Modelling and analysis of early aggregation events of BMHP1-derived self-assembling peptides

Gloria Anna Ada Saracino, Fabrizio Gelain

Research output: Contribution to journalArticlepeer-review

Abstract

Despite the increasing use and development of peptide-based scaffolds in different fields including that of regenerative medicine, the understanding of the factors governing the self-assembly process and the relationship between sequence and properties have not yet been fully understood. BMHP1-derived self-assembling peptides (SAPs) have been developed and characterized showing that biotinylation at the N-terminal cap corresponds to better performing assembly and scaffold biomechanics. In this study, the effects of biotinylation on the self-assembly dynamics of seven BMHP1-derived SAPs have been investigated by molecular dynamics simulations. We confirmed that these SAPs self-assemble into β-structures and that proline acts as a β-breaker of the assembled aggregates. In biotinylated peptides, the formation of ordered β-structured aggregates is triggered by both the establishment of a dense and dynamic H-bonds network and the formation of a hydrophobic wall available to interact with other peptides. Such conditions result from the peculiar chemical composition of the biotinyl-cap, given by the synergic cooperation of the uracil function of the ureido ring with the high hydrophobic portion consisting of the thiophenyl ring and valeryl chain. The inbuilt propensity of biotinylated peptides towards the formation of ordered small aggregates makes them ideal precursors of higher hierarchically organized self-assembled nanostructures as experimentally observed.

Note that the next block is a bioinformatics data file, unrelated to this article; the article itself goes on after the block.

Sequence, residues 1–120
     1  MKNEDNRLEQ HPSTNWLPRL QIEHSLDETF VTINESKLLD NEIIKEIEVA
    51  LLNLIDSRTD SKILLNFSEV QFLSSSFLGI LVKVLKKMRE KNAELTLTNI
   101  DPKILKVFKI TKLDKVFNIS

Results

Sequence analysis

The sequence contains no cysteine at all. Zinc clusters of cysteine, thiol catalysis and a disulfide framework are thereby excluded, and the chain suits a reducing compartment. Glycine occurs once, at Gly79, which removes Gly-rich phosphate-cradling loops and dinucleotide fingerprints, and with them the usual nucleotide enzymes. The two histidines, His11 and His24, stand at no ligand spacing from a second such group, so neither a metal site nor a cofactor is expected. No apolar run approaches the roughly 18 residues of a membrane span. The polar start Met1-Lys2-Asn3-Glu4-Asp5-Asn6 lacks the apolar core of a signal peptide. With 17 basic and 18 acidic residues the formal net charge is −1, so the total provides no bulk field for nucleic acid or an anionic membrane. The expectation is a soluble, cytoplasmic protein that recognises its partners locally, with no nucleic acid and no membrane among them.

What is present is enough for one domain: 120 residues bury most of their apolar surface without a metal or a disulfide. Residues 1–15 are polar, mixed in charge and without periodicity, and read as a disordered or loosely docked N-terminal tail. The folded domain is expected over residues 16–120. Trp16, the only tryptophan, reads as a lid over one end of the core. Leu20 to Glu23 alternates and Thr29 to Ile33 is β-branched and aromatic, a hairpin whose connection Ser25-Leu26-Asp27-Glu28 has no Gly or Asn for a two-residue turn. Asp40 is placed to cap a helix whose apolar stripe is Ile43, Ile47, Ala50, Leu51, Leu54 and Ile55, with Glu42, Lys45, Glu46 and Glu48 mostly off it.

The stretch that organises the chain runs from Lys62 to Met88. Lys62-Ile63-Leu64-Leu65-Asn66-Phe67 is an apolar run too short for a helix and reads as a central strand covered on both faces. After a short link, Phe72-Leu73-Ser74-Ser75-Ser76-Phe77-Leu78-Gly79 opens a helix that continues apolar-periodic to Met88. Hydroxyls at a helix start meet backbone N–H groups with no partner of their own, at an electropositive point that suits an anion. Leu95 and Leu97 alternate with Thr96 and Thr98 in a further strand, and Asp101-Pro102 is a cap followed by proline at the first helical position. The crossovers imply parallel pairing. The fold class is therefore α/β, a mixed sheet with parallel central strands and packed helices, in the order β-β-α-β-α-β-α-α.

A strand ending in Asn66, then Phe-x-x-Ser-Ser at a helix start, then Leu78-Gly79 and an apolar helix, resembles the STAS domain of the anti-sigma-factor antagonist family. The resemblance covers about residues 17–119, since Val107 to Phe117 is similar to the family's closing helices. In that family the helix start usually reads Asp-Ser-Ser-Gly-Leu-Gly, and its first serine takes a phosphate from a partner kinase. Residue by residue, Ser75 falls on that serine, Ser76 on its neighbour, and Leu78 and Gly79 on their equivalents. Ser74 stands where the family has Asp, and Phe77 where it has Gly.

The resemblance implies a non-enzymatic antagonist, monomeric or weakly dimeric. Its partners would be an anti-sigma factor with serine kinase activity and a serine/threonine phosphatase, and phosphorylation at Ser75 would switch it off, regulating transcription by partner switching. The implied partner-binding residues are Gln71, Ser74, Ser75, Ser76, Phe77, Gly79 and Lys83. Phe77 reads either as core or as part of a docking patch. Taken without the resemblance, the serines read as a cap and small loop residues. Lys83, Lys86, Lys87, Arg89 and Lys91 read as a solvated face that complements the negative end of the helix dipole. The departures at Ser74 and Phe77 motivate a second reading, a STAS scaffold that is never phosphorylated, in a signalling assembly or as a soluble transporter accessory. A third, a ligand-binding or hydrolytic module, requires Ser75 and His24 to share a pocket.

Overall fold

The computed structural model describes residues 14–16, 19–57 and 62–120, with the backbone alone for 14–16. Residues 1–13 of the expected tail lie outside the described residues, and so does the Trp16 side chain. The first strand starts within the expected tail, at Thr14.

Original languageEnglish
Pages (from-to)759-775
Number of pages17
JournalJournal of Biomolecular Structure and Dynamics
Volume32
Issue number5
DOIs
Publication statusPublished - May 4 2014

Keywords

  • biotinylated peptides
  • hydrophobic wall
  • nematic order parameter
  • self-assembly

ASJC Scopus subject areas

  • Molecular Biology
  • Structural Biology
  • Medicine(all)

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